Syria crisis: Russia and Turkey agree to joint patrols of ‘buffer zone’ and withdrawal of Kurdish forces

Bel Trew
Russian President Vladimir Putin (R) and his Turkish counterpart Recep Tayyip Erdogan shake hands after reaching a deal on northern Syria: AFP


Russia and Turkey have struck a deal to jointly police northeastern Syria that they say will end two weeks of bloodshed, just hours before a ceasefire in the area was due to expire.

After a marathon meeting in the Black Sea resort of Sochi, Turkish president Recep Tayyip Erdogan said that the agreement would see Kurdish YPG militia pull back beyond a 30km "buffer zone" along the Turkish border.

Kurdish forces would also leave the strategic Syrian towns of Tel Rifaat and Manbij under the terms.

Russian foreign minister Sergei Lavrov hailed the deal as one that would end the fighting that has ravished the region for the last two weeks.

The United Nations said that more than 176,000 people have been displaced, including nearly 80,000 children, since Ankara launched its controversial cross-border incursion against Syrian Kurds.

Beginning at noon Wednesday, Russian military police and Syrian border guards will move in to facilitate the removal of YPG members and weapons. A task that will last six days, the deal said.

At that moment Russian and Turkish forces will begin joint patrols 10km into the buffer-zone area.

The agreement, if successfully implemented, will likely herald the end of Turkey's incursion in northern Syria. It may also consolidate the Syrian government's hold over northeastern Syria which until two weeks ago had been controlled by Kurdish-led Syrian Democratic Forces.

President Vladimir Putin opened the Tuesday press conference saying that Moscow “appreciates” Turkey’s national security concerns but insists “Syria must be free from foreign military presence.”

Mr Erdogan outlined the understanding saying: ”The main aim of the operation is to take out PKK/YPG terror organisations from the area and to facilitate the return of Syrian refugees.”

Ankara regards the YPG as terrorists because of their affiliation with the outlawed Kurdistan Workers Party (PKK), which is waging an insurgency in southeast Turkey.

“This operation also guarantees Syria territorial integrity and political unity. We never had any interest in Syria land and sovereignty,” he added.

The two presidents met as a five-day cease-fire between Turkish troops and Kurdish fighters in northeastern Syria was set to expire.

Under the earlier US-brokered deal, Kurdish forces were supposed to withdraw from Mr Erdogan’s desired 30km deep buffer zone.

But Kurdish commanders accused Ankara of violating the agreement and continuing to fire on their fighters preventing them from pulling back.

Turkey meanwhile accused the Kurds of breaking the truce by leaving 1,300 Syrian Kurdish fighters in the ceasefire area.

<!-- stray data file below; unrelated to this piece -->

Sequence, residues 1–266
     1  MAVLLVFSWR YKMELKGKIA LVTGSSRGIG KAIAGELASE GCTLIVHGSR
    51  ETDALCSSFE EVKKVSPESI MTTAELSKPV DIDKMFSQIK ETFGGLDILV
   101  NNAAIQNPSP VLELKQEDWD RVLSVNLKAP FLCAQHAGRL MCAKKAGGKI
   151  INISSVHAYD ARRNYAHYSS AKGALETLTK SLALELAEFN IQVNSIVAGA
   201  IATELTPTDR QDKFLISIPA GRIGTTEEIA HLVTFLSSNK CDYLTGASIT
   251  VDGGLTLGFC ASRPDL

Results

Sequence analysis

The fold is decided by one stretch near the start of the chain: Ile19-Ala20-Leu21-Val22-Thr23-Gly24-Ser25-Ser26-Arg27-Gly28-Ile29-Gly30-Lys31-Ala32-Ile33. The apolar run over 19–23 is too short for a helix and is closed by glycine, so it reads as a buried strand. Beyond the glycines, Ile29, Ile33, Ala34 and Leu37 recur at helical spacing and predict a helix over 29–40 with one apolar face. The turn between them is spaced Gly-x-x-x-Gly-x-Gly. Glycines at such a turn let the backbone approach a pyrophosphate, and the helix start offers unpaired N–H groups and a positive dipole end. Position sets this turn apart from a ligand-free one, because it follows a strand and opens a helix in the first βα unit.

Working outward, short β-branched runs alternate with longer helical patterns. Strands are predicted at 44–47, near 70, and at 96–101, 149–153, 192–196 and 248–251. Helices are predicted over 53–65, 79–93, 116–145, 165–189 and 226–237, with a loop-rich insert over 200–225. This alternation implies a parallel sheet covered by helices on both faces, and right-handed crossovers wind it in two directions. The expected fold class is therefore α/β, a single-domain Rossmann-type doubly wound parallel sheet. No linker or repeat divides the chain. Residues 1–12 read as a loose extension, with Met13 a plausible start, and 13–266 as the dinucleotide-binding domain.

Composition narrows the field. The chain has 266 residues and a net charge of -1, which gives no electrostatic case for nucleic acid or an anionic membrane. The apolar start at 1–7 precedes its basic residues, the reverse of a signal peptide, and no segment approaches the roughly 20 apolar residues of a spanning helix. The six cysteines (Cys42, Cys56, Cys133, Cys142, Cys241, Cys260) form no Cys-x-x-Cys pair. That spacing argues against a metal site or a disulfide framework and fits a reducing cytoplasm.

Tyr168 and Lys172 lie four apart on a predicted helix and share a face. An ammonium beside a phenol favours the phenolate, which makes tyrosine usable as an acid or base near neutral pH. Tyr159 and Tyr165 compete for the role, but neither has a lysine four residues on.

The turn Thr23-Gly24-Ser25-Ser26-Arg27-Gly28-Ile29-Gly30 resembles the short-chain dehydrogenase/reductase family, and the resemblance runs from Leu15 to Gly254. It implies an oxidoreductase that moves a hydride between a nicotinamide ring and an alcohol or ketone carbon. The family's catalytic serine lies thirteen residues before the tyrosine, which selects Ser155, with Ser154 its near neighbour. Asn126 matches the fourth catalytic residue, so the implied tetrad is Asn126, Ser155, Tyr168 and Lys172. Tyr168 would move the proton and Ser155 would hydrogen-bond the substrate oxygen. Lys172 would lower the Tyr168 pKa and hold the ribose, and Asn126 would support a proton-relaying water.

Turkey launched its controversial cross border incursion in northeastern Syria earlier this month to repel Kurdish forces who once fought alongside US soldiers against the Islamic State.

President Erdogan said it aimed to build a “safe zone” where he also hopes to repatriate some of the 3.5 million Syrian refugees currently living in Turkey.

But he has faced mounting condemnation for the operation which has displaced hundreds of thousands of people and killed at least 70 civilians according to the Syrian Observatory for Human Rights.

Amnesty International has also accused Turkey and its Syrian rebel allies of likely committing war crimes, including indiscriminate bombing of civilian areas and an execution-style killing of a Kurdish female politician.

Turkey has vehemently denied the allegations and dismissed claims made by Kurdish doctors that it has used chemical weapons or white phosphorus as “flagrant slanders”.

President Donald Trump, once a close ally of the Kurds, was accused of green-lighting the operation after announcing US troops would pull back from northern Syria and not intervene in the imminent Turkish attack.



He later ordered most of the 1,000 US troops stationed in the country to completely withdraw. Many of them were pelted with vegetables by angry Kurdish residents as they crossed Syria's border into Iraq on Monday.

Facing the Turkish incursion alone, the Kurds then struck a deal with President Bashar al-Assad to defend the borders.

It was a massive territorial win for the Assad regime who has deployed government troops to Kurdish-controlled areas for the first time in five years.

Under Tuesday’s deal, government border guards would assist Russian forces in the YPG withdrawal. There has yet to be any official response from the Kurdish side.

But the Kurdish Red Crescent issued a desperate plea shortly before the agreement was announced, saying that their “capacity” to meet a mounting humanitarian crisis “had ended’.

They said five hospitals and clinics were out of service and there there was not enough resources to look after the huge number of newly displaced.

“There are no shelters, not enough food, not enough medicines, not enough drinking water. The water pipeline, which got hit by an airstrike and served more than 500,000 people, is still not functioning. These people have gone a week without a water supply,” the statement added.

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